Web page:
Random readings on society, politics and change – Jorge Carrillo
Typically, inequality is defined by a combination of economic measures referring to income and wealth. Entire populations, in the language of statistics, are measured and managed according to their place on the inequality spectrum: patronage for the 1%, morality for the ambiguous “middle class,” and austerity for the rest. This economic inequality is, however, inseparable from social disparities of other kinds—particularly in the provision of housing. More than just a building type or a market sector, housing is a primary architectural act—where architecture is understood as that which makes real estate real. It begins when a line is drawn that separates inside from outside, and ultimately, one house from another. The relation that results under the rule of real estate development is—by its very structure—unequal.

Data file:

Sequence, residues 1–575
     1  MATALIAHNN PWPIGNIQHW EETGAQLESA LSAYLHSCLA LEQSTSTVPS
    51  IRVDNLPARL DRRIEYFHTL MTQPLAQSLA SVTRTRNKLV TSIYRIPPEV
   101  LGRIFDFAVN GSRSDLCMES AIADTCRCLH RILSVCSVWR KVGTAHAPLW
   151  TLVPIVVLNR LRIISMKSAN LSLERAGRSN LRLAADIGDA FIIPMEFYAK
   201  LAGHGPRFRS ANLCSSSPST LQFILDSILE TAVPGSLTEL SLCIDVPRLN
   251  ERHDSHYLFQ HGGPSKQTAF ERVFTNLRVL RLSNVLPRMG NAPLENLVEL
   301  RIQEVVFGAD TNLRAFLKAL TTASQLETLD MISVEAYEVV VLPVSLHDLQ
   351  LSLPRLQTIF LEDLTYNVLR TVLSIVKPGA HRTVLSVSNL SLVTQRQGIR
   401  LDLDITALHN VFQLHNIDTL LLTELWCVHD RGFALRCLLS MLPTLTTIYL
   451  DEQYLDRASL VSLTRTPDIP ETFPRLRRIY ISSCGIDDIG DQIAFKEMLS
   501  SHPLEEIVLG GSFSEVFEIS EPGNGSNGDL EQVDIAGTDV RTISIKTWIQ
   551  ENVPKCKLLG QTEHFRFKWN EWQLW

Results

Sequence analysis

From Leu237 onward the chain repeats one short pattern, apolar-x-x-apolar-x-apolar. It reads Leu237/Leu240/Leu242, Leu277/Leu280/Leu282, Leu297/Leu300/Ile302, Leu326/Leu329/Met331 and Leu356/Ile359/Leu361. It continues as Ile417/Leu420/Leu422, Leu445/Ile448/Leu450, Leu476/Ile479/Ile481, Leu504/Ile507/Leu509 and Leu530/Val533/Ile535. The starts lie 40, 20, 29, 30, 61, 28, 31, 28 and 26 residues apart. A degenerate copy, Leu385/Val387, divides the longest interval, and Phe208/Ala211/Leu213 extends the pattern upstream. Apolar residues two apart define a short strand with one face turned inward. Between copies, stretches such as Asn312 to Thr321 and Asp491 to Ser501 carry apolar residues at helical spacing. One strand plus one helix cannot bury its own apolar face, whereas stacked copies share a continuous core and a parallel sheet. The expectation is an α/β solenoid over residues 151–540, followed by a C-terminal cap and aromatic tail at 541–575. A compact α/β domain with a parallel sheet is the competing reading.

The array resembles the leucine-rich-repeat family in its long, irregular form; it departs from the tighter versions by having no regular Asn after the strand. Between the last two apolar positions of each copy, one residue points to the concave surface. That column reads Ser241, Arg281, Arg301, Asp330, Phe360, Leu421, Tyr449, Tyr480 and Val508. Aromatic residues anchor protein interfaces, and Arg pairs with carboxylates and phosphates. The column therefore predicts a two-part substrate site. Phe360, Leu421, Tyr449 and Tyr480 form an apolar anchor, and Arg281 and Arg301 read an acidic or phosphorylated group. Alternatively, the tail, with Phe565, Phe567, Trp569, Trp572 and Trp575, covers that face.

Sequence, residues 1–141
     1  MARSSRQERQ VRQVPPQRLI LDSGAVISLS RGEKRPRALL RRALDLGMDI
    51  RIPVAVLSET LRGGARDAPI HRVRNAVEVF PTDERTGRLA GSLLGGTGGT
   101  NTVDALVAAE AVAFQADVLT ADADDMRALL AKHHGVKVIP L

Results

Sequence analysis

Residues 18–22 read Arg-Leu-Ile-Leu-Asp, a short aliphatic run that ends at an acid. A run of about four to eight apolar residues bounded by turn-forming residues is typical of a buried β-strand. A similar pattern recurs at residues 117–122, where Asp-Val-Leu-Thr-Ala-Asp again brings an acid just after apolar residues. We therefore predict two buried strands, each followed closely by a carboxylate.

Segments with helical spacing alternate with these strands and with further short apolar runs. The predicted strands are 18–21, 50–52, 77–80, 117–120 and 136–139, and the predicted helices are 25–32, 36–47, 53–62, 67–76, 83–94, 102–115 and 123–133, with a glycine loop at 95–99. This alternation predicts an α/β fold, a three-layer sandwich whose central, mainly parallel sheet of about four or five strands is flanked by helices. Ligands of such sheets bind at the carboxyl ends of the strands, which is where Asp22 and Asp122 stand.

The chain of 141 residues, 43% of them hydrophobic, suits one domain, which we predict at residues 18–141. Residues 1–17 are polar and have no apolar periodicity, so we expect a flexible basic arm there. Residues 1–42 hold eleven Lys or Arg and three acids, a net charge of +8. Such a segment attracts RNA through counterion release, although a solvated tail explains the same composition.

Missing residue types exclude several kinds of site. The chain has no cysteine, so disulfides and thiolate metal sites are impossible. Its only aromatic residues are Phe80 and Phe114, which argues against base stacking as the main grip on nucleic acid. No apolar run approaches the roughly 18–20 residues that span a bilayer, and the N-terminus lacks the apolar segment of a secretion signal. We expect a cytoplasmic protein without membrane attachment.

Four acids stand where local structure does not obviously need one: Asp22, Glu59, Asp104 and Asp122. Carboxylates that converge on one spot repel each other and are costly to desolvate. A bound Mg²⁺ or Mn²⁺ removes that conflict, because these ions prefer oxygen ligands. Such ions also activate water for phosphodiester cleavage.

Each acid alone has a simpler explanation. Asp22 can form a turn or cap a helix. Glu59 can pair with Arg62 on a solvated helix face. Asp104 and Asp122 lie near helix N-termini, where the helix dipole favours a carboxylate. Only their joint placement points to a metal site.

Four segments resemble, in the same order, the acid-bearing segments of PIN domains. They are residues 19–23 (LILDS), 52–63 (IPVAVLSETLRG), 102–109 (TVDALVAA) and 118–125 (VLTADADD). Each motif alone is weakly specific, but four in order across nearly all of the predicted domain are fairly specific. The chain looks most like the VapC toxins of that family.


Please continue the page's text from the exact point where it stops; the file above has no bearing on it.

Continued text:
This is the art of inequality. Its geographies are local and global. Its histories are distant and present. Its design is ongoing. Its future is anything but certain.
A Political Ecology of the Green Economy in the Global South
Urban Studies x Sustainable Development x Geospatial Analysis
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a collaborative writing project on Political Ecology
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Individuals "...are therefore bigger than the world, because their worlds include not only the world considered as a whole but also many of its parts." - Lévy, 2013
Posts are by authors of papers published in the RWER. Anyone may comment.
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Words & Fotos ON / All rights reserved © Lee Yu Kyung 2018
urban informality + urban development
bridging community development and technology
Foreigners' Rights and Layman's Legal Overview for Thailand
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Je procrastine (beaucoup). Mais des fois j'écris (un peu).
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THOUGHTS FOR THE POST-2008 WORLD
blogging from a marxist economist
People. Place. Technology.